Read More: Best Movie Villains of All Time

2. Sátántangó (1994)

By all accounts, Béla Tarr’s Sátántangó is indeed the slow cinema movie. It runs at 7 and a half hours, of which just 151 shots transpire with many heading past the 10 to 15 minute mark. Understandably, such statistics put many people off but I think it is important to take them into context. Some people refuse to watch films in monochrome or that run with an essential line of subtitles but are those not just artificialities? Do they matter? Granted, Tarr’s work is famously one of the longest feature films ever made but it is what he achieves in that time which eclipses the investment you make with it. His indelible craft in creating a living, breathing world is the kind of thing comparable to marathon novels like Don Quixote­- except here it is realized beautifully on a screen. To stick Sátántangó in is to become part of a place for 450 minutes. To live there, be endeared by its bitter spark of hope and petrified by the lengths people will go to in order to survive. It is the grand apex of cosmic cinema: Filled with gripping moments of existential horror as well as very real scenes of chaos exploding amidst the numbing calm of its more gradual sequences. The resultant work is doubtlessly a difficult one — but again an important stepping stone in the journey of any fan of cinema. Make the commitment.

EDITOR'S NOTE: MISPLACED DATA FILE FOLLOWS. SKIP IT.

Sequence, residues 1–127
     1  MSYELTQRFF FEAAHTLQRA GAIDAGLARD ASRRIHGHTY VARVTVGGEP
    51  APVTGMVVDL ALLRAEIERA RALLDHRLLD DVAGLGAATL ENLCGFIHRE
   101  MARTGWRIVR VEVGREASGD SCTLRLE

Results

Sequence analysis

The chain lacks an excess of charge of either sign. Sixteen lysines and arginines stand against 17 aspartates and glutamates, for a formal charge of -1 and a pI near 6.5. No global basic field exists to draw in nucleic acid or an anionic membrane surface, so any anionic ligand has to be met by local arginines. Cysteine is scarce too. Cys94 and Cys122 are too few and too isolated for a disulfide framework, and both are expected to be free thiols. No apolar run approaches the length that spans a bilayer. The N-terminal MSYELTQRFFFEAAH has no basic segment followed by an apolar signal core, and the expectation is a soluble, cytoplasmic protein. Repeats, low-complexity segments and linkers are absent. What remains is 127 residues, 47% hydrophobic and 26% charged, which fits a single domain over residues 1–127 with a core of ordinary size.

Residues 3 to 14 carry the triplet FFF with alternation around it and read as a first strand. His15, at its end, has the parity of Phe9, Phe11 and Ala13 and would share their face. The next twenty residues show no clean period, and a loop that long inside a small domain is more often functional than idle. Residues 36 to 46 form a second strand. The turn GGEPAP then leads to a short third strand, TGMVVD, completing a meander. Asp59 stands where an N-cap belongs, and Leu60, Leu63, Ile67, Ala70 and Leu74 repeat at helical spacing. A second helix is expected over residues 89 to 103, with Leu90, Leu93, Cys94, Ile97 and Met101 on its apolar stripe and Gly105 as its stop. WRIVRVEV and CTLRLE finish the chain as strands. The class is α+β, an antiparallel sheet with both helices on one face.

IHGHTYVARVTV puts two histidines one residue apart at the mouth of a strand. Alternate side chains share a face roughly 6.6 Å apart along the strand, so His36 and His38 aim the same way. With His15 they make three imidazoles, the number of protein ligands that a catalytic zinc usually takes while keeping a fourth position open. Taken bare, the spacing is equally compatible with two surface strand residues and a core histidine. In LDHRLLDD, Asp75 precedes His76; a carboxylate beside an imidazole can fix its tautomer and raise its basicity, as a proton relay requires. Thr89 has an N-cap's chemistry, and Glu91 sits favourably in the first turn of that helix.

Read More: Best Time Travel Movies of All Time

1. The Travelling Players (1975)

Another piece that emerged early into the director’s career, Theo Angelopoulos was 40 years old when The Travelling Players was released and poured every ounce of his world-weary experience into the project. The result is cinematic perfection. Bigger, Bolder and Better than even the legion of masterful works that have thus far filled this list — it is far from an exercise in endurance and instead a movie that beckons you into the interior. Angelopoulos makes accommodations for his audience: He slows down after scenes of great importance and reels up to create palpable feeling for things to come. The movie does not directly tell us what is going on in each scene, nor make it clear as to the passage of time and yet each moment is entirely compelling — sewing literally hundreds of microcosmic stories that track human lives with the kind of intimacy, understanding and power nothing I’ve ever seen has matched. There is little more to say other than see it, for this is one of the Great Artistic Achievements of the 20th Century.

Read More: Most Overrated Movies of All Time